As the U.S. Department of Justice investigates the new Pennsylvania voter ID requirement for discrimination against minorities, election law experts say a legal challenge could require the courts to navigate undeveloped areas of federal voting rights law. The commonwealth was preparing to defend the Voter ID Law in state court last month when the Justice Department’s top civil rights lawyer wrote to announce a review for compliance with the Voting Rights Act, the 1965 legislation that prohibited literacy tests at the polls and strengthened the federal government’s ability to enforce the voting guarantee of the 15th Amendment. While the department has blocked the enforcement of voter identification laws in Texas and South Carolina, those states fall under a part of the Voting Rights Act requiring Justice Department or court approval for election law changes in places with a history of discrimination.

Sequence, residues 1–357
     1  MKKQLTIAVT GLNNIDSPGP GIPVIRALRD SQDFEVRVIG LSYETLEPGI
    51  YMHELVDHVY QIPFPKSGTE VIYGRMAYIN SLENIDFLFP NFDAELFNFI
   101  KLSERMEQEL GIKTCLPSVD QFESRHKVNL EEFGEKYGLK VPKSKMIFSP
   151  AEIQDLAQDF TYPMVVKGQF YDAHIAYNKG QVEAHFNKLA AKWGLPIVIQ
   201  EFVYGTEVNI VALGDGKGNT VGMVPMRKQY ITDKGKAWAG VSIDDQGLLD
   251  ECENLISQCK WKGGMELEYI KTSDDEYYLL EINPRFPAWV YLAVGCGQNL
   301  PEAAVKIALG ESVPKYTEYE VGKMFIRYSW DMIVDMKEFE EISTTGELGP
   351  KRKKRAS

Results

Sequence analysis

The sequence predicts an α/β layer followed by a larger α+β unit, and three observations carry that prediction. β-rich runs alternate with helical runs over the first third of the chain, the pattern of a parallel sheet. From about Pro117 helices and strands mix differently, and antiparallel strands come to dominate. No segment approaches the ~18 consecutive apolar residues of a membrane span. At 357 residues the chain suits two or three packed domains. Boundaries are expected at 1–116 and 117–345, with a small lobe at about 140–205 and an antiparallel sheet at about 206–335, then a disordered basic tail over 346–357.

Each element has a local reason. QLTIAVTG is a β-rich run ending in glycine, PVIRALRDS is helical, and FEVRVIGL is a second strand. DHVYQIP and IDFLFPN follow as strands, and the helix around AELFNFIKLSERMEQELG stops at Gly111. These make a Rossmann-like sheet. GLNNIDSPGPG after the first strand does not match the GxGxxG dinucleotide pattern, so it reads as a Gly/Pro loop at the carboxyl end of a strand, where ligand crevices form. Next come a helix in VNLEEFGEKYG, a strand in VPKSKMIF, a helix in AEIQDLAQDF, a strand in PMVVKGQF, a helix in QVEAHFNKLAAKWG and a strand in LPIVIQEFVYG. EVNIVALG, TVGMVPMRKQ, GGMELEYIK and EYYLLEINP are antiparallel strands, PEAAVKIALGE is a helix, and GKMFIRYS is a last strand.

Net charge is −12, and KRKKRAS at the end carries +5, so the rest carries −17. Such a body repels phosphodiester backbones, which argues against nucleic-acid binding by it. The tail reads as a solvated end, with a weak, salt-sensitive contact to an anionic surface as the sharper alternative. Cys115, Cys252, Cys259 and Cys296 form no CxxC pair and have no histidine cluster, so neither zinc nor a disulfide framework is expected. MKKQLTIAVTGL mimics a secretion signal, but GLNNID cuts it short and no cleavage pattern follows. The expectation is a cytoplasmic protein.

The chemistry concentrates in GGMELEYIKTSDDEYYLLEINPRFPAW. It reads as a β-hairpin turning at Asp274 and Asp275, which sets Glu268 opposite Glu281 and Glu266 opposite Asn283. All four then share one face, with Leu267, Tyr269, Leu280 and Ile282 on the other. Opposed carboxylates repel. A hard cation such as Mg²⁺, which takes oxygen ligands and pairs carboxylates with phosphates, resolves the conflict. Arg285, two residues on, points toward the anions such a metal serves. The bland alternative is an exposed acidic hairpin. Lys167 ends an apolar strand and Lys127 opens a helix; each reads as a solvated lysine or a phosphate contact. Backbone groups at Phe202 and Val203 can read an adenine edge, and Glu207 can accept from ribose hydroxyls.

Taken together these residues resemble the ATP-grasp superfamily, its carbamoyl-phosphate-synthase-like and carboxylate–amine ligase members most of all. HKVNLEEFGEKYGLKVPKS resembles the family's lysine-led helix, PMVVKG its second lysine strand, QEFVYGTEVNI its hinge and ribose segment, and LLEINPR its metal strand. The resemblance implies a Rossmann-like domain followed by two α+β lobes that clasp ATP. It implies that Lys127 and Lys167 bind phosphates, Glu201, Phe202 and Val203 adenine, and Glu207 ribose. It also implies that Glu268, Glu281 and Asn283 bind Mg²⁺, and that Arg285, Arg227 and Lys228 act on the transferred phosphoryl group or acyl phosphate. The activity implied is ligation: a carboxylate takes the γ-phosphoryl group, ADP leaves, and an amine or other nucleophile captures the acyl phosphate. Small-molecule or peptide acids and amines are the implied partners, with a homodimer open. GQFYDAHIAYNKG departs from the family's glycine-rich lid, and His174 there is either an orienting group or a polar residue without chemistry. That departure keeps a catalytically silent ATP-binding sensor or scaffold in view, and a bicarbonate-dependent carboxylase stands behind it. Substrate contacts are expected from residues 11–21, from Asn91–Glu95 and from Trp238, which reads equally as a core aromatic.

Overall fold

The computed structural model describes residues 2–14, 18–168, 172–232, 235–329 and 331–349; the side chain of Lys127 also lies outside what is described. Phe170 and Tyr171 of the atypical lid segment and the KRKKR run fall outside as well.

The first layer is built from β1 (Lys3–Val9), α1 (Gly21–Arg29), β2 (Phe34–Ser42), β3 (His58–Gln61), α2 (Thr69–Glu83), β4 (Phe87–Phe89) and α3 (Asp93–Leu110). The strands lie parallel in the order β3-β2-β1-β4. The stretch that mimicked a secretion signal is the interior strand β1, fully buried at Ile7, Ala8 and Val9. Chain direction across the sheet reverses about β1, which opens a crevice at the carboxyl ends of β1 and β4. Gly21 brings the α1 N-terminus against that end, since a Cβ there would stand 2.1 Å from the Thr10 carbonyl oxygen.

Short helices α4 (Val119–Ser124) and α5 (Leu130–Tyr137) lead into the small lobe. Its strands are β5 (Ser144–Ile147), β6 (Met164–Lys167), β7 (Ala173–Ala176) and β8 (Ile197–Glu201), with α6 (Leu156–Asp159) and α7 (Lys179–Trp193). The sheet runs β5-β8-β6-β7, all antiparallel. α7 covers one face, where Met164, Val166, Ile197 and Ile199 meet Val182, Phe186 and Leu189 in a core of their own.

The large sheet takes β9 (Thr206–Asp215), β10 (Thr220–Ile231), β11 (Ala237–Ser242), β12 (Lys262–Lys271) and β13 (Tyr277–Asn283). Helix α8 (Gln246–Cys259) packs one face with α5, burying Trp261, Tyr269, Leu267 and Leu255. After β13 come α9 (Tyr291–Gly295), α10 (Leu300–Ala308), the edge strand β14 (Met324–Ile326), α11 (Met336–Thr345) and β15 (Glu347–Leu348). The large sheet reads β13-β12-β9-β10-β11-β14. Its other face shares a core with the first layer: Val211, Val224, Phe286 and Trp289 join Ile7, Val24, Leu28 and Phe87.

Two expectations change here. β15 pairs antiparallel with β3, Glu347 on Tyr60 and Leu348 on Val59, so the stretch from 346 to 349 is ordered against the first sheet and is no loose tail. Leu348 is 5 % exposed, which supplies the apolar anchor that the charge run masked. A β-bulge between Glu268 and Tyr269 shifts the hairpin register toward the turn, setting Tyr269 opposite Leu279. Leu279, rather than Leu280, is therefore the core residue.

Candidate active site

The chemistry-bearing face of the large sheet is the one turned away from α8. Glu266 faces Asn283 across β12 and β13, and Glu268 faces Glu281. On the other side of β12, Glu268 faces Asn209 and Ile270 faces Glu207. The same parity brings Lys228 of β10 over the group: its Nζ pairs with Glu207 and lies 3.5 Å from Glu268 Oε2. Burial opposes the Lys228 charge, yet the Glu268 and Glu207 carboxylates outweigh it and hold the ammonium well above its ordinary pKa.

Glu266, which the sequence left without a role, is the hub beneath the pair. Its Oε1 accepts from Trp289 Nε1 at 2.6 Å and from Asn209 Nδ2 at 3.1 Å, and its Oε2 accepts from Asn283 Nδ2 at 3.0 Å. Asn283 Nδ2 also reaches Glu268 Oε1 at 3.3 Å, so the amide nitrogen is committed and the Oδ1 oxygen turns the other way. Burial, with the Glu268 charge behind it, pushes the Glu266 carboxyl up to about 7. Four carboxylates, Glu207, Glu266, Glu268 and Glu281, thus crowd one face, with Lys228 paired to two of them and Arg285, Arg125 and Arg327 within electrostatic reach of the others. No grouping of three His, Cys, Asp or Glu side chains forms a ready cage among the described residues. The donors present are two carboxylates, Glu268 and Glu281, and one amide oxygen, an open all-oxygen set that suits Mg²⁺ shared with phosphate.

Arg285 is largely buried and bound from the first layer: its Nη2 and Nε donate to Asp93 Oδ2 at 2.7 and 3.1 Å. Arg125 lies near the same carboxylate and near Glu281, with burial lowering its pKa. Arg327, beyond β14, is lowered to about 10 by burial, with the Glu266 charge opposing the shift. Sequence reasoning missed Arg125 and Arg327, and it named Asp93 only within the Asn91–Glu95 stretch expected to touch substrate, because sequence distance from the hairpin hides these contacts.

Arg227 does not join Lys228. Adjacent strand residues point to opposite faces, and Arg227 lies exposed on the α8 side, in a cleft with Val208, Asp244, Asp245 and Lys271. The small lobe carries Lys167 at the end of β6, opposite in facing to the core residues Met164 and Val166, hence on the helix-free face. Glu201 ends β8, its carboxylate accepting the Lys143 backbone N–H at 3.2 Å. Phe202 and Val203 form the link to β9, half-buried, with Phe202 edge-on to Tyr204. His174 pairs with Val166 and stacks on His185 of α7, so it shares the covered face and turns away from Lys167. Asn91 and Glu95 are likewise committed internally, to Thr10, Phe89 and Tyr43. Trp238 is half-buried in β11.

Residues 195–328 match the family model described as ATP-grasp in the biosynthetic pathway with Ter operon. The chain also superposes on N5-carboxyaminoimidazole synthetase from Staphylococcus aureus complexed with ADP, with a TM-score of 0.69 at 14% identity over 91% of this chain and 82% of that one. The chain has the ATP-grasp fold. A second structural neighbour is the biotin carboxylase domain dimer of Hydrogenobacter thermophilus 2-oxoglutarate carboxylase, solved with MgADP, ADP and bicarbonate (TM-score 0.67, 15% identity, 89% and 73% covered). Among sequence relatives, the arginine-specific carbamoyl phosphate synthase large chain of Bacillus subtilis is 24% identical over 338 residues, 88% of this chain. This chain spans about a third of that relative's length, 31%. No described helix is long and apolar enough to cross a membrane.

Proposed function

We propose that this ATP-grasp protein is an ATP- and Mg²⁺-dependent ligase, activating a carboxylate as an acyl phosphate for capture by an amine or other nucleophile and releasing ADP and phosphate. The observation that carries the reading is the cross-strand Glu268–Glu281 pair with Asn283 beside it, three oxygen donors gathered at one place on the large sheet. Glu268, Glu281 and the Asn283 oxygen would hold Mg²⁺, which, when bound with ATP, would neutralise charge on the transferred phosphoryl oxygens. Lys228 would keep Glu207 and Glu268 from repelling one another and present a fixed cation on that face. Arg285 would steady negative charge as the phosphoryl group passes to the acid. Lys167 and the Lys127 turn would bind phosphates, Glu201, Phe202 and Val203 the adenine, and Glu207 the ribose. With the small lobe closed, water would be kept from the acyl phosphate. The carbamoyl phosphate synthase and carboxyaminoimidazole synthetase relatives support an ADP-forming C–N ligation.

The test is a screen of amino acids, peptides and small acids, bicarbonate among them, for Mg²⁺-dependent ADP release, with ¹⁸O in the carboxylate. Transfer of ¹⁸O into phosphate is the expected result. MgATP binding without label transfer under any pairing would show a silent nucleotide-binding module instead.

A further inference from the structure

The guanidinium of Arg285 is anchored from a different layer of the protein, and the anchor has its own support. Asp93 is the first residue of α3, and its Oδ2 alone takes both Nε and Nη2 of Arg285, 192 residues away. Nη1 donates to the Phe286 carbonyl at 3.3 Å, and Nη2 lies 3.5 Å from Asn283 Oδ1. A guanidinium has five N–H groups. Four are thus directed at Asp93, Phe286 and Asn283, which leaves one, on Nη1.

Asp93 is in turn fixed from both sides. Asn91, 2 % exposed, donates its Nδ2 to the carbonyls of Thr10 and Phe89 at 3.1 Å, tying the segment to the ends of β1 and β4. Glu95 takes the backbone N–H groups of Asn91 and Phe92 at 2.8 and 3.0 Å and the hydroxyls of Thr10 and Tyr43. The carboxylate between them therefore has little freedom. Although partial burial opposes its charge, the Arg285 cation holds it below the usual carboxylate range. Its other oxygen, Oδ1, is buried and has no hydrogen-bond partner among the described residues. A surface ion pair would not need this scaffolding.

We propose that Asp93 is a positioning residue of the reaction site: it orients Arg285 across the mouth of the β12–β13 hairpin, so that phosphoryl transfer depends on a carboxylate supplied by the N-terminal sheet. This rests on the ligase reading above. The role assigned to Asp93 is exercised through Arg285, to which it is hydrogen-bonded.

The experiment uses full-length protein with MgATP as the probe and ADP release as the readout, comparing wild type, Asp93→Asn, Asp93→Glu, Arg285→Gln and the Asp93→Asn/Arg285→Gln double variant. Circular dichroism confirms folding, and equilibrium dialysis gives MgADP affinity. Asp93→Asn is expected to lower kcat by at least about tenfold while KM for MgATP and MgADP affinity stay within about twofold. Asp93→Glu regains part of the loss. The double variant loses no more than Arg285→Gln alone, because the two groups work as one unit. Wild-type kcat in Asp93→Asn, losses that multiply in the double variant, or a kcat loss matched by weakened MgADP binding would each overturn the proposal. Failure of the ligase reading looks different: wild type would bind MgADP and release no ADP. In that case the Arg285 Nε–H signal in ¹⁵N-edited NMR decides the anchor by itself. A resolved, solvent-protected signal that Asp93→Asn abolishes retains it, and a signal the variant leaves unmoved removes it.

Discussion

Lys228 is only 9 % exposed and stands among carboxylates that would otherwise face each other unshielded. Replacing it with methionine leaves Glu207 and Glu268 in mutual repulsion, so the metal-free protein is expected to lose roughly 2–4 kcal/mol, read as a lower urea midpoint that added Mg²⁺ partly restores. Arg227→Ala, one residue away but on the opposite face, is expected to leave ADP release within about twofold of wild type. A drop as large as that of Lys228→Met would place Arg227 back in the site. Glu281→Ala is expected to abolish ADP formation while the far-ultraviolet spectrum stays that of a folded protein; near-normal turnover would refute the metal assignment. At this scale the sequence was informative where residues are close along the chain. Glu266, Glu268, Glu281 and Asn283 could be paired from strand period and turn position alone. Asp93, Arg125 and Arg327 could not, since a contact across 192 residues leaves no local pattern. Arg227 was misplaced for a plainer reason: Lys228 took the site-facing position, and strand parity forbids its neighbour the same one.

Wisconsin: Ryan can run for House seat, VP at same time under Wisconsin law | The Hill

If Rep. Paul Ryan (R-Wis.) doesn’t become vice president of the United States, he has a backup option: his old House seat. Under Wisconsin law, Ryan can run simultaneously for both offices. The lawmaker hasn’t said anything about his House election, which he is strongly favored to win, but he may not have much of a choice. The law specifically states that once a candidate is nominated, his or her name has to remain on the ballot except in the case of death. But if Ryan does make it to the vice presidential mansion, that election would “void the candidate’s election to any other office,” and a special election would be called, according to the law. And names are already being floated in case that comes to pass.